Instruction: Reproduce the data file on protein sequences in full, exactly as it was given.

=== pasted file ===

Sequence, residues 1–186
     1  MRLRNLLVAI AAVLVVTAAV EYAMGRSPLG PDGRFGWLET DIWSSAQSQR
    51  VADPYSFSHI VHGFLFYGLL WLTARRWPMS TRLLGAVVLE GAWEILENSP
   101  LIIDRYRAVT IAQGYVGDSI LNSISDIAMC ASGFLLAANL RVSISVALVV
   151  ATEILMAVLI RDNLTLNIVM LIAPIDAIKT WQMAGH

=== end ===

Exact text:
Sequence, residues 1–186
     1  MRLRNLLVAI AAVLVVTAAV EYAMGRSPLG PDGRFGWLET DIWSSAQSQR
    51  VADPYSFSHI VHGFLFYGLL WLTARRWPMS TRLLGAVVLE GAWEILENSP
   101  LIIDRYRAVT IAQGYVGDSI LNSISDIAMC ASGFLLAANL RVSISVALVV
   151  ATEILMAVLI RDNLTLNIVM LIAPIDAIKT WQMAGH